Leighton is taking its fight for a fully functioning police station right to the top with an appeal to Home Secretary Theresa May.
Almost all the members of Leighton-Linslade Town Council have thrown their weight behind a hard hitting letter asking for urgent action to review the government’s funding of its police force.
Under-fire Beds Police crime commissioner, Olly Martins, is having to make swingeing cuts of more than £19m to services before 2015.
The cash shortfall has seen a radical reorganisation of the force with Leighton’s Hockliffe Road station being policed by a small group of community bobbies.
Fully warranted police officers now begin and end shifts in Luton.
But more than 5,500 people signed a petition calling for the town to be policed with its own officers (not just PCSOs), andfor the station to have a manned desk.
A report from Her Majesty’s Inspectorate warned that there were real concerns about the force’s ability to maintain its service to the public when faced with further reductions.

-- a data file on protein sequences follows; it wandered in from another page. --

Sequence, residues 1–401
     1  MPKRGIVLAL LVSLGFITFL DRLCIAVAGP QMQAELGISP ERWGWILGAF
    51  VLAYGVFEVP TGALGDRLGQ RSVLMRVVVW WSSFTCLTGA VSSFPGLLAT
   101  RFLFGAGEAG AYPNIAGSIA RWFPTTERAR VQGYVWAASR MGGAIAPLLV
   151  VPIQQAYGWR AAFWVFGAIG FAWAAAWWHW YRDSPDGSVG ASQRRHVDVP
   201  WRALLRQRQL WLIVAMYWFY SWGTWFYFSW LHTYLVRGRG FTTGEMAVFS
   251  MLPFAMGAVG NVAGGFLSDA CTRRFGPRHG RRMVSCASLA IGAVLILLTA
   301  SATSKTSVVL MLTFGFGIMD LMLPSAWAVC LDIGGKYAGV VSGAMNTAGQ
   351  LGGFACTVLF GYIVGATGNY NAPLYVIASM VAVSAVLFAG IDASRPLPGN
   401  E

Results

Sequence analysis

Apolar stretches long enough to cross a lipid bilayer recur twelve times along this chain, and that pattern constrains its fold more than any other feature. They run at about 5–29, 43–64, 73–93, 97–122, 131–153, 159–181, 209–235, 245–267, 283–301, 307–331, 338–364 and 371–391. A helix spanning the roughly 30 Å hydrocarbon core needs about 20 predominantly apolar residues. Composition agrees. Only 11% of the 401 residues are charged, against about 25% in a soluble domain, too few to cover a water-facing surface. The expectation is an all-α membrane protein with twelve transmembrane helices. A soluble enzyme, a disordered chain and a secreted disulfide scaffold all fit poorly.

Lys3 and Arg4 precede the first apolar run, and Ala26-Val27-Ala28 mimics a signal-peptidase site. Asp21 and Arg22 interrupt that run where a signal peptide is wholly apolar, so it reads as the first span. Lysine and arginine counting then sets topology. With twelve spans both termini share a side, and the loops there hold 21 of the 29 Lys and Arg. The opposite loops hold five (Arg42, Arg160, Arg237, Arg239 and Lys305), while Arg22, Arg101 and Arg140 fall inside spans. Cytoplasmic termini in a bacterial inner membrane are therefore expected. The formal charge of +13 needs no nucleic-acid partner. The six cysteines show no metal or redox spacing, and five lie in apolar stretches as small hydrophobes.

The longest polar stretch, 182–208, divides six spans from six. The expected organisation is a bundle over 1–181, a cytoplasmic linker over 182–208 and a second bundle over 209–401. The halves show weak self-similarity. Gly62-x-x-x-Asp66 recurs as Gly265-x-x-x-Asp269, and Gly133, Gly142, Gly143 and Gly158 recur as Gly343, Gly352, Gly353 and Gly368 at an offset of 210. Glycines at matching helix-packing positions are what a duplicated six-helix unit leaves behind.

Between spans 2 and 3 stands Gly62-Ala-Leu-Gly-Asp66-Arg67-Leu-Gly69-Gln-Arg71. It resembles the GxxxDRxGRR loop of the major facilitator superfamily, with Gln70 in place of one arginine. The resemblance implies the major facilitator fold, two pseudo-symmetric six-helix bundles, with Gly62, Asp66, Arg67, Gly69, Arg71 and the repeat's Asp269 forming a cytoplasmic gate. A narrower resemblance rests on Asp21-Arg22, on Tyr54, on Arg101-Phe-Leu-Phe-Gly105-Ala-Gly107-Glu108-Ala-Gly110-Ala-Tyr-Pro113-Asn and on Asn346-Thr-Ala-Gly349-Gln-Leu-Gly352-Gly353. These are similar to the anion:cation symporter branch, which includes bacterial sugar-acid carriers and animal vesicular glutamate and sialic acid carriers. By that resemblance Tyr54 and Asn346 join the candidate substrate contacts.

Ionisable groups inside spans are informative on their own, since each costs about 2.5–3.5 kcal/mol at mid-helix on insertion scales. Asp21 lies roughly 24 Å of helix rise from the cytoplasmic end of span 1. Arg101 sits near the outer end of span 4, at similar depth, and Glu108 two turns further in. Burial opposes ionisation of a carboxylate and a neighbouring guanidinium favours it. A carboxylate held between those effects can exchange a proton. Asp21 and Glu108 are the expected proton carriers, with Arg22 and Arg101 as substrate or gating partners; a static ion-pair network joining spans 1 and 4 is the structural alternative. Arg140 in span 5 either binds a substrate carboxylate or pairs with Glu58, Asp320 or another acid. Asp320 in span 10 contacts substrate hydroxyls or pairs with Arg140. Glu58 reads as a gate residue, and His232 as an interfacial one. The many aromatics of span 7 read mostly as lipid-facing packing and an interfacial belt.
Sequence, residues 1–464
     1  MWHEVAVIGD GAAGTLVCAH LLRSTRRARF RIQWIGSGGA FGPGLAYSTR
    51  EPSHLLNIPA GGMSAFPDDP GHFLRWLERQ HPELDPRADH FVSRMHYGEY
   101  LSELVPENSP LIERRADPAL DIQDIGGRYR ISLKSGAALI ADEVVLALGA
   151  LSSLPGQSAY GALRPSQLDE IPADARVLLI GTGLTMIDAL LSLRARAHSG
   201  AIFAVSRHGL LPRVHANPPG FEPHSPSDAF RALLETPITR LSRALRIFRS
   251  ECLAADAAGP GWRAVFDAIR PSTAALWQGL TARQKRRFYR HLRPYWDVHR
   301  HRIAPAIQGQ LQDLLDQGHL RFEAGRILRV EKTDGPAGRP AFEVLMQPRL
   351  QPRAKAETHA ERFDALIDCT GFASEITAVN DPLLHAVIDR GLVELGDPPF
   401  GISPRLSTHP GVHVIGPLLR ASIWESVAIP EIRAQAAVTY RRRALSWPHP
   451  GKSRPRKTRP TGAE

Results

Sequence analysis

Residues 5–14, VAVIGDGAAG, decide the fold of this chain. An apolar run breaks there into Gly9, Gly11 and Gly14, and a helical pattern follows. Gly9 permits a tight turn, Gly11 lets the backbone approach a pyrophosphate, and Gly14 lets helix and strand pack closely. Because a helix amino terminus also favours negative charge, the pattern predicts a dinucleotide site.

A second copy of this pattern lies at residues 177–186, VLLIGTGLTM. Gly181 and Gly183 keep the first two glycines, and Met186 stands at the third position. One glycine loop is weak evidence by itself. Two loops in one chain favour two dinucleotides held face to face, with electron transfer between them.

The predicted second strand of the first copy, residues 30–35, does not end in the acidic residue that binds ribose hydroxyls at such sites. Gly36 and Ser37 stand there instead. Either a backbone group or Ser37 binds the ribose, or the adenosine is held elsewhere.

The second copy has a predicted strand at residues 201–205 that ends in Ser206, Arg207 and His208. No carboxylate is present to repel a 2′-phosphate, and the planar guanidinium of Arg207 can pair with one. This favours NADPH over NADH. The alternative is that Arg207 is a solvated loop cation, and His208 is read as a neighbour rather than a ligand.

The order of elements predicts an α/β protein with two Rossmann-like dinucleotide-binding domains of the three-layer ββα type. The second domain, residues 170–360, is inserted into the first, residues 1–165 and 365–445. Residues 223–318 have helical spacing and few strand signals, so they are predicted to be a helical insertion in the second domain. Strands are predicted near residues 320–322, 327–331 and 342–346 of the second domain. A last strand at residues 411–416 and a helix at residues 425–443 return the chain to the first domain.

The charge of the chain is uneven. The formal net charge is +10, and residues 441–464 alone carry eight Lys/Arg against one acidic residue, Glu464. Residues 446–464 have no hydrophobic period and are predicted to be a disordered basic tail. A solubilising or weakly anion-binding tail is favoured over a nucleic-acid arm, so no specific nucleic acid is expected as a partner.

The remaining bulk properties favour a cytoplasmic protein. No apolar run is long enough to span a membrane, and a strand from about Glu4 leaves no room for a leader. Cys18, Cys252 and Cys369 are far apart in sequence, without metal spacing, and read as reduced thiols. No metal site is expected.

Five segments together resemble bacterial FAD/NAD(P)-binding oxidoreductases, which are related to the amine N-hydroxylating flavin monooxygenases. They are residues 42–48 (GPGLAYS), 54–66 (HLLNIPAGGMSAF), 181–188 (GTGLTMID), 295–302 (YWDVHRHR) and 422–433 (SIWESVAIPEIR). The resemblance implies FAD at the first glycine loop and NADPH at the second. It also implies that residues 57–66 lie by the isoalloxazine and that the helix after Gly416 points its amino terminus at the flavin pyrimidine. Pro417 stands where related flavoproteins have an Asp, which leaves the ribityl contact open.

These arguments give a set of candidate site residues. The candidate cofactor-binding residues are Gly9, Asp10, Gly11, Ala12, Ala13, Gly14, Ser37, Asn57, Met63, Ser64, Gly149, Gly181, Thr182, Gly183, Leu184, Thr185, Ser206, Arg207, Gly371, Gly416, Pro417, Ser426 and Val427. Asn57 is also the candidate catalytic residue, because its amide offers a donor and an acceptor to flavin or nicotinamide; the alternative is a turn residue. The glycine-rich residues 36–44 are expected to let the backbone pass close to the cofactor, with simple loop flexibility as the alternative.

In their letter to Ms May the town council accuse Mr Martins of taking “a very Luton-centric approach to policing” with crime in Leighton bucking the county trend by increasing.
They say: “We feel that the ‘thin blue line’ is beingstretched to breaking point.
“ The PCSOs have no power of arrest, and rely on officers from Luton (approx. 13 miles) or Bedford (approx. 23 miles) for backup.
“The current arrangement makes the town and surrounding areas an easy target for criminal gangs.”
Councillor Ray Berry, chairman of the police liaison committee, said: “While the PCC is ultimately responsible for the allocation of police resources in Bedfordshire, we do share his concerns that the formula used to calculate funding for police forces is unfairly biased against Bedfordshire.”
Mayor, Councillor Amanda Dodwell, added: “We are hopeful that the recent increase in officer numbers in the town will result in a permanent decline in crime across Leighton-Linslade.
“We need to work together to ensure that Beds Police has the resources it needs to maintain neighbourhood policing and keep crime rates down.
“The Home Secretary needs to look at the almost unique situation we have in Bedfordshire when considering the allocation of funding nationally.”